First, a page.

Another example may also be of use. Say there is a chef named Susan. Susan can cook 10 hamburgers in an hour. One day, she decides to go to the Hamburger Cooking School to learn how to cook hamburgers faster. When she returns to work, she is able to cook 40 hamburgers per hour by utilizing the new tricks she learned. By attending the cooking school, Susan increased her human capital and thus increased her labor productivity. It is important to remember that increases in capital can take the form of both quantity and quality increases. From these two examples, it is clear that the only way to achieve labor productivity growth is to increase the amount of capital, physical and/or human, available to workers. And in the long run, the only way for overall productivity to increase is though increases in the capital used in production. Growth level vs. growth rate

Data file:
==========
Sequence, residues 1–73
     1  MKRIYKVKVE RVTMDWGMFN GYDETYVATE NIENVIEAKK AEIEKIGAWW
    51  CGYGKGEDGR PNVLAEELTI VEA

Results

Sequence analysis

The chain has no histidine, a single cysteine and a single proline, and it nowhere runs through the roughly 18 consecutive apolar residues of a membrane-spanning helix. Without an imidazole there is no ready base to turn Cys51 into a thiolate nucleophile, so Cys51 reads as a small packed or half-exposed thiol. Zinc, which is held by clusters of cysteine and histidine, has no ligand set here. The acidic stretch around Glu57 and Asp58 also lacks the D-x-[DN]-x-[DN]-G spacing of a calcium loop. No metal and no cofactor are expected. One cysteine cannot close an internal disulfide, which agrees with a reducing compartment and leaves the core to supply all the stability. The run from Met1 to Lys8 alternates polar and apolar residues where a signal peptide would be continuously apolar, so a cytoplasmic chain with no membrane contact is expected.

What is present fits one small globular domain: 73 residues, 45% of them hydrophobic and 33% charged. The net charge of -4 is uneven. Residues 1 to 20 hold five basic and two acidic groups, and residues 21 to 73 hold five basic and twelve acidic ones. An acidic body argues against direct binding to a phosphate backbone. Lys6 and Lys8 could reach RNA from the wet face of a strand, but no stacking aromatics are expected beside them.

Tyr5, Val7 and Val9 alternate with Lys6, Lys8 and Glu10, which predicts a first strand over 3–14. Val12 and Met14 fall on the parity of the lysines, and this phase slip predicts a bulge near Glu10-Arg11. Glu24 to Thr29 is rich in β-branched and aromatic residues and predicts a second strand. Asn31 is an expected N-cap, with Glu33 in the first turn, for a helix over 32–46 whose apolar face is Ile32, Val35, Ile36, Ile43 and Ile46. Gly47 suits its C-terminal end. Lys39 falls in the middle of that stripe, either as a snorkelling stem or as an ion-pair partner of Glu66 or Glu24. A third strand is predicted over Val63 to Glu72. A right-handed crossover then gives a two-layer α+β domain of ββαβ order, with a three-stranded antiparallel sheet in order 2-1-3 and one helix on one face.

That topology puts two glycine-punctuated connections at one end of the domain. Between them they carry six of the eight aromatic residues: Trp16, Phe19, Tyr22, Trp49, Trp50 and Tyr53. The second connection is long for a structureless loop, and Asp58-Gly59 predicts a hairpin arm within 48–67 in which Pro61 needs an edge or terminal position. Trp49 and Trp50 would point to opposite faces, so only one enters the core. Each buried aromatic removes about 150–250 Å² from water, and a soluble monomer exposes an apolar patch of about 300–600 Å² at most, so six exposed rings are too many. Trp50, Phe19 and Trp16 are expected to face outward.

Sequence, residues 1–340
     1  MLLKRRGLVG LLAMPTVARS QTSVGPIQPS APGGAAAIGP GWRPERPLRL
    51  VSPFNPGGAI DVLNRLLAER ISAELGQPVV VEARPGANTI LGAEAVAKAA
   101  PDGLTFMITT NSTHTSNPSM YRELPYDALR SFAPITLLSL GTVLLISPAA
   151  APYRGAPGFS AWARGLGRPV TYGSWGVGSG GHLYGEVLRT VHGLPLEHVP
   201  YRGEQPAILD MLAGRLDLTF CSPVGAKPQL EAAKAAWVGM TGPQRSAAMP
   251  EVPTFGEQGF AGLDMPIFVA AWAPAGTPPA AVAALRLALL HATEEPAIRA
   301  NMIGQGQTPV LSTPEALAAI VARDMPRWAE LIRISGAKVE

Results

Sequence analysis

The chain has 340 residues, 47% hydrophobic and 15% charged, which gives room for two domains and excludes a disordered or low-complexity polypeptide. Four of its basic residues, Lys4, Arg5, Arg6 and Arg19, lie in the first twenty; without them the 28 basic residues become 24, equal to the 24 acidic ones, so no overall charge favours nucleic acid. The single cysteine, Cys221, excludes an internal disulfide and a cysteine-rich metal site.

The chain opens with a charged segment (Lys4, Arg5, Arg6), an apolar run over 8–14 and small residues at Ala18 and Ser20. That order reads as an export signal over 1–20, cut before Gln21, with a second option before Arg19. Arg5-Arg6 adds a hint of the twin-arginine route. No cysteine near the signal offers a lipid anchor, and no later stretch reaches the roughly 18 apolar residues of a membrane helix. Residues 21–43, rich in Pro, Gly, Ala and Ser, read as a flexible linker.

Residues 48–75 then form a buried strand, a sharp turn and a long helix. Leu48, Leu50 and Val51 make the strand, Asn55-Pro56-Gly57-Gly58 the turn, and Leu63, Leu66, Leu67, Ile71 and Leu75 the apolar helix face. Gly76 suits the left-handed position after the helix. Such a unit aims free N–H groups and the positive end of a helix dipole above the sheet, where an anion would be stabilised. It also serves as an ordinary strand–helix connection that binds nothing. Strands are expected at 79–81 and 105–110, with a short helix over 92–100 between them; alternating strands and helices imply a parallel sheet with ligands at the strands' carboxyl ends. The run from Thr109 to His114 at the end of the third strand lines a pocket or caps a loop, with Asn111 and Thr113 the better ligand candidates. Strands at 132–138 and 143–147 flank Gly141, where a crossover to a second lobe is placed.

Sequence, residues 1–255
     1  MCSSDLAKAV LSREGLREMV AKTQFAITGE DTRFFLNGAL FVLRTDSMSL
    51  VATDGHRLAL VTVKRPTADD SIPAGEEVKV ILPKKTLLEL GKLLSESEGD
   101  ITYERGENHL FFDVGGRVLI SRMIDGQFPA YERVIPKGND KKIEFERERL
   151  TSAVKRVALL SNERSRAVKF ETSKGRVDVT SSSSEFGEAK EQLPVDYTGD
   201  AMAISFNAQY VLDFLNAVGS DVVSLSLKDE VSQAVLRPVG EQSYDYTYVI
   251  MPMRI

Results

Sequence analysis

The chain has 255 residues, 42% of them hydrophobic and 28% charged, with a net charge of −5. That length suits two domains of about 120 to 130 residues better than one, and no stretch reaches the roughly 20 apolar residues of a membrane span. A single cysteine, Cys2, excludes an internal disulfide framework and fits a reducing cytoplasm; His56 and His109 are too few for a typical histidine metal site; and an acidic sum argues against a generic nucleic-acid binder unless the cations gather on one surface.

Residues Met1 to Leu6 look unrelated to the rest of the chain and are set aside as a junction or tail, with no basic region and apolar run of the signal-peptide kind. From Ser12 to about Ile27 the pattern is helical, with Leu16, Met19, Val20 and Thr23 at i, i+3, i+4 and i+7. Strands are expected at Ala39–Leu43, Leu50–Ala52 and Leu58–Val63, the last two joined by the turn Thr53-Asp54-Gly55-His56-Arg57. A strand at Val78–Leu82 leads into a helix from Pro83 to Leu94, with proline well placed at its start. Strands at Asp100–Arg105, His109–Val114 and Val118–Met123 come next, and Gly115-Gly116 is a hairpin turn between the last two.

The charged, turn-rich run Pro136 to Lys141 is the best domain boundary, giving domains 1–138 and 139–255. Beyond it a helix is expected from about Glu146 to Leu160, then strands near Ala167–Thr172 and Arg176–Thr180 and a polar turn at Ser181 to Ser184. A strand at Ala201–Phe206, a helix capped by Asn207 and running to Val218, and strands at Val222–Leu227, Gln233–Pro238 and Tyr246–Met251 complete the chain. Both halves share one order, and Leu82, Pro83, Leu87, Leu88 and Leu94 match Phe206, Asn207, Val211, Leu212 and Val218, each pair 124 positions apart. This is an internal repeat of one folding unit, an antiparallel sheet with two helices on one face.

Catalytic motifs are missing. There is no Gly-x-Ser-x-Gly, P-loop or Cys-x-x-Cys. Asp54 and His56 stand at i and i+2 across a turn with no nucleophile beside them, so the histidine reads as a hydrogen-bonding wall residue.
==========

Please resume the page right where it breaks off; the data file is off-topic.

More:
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This note was uploaded on 12/13/2011 for the course ECO 1310 taught by Professor Staff during the Fall '10 term at Texas State.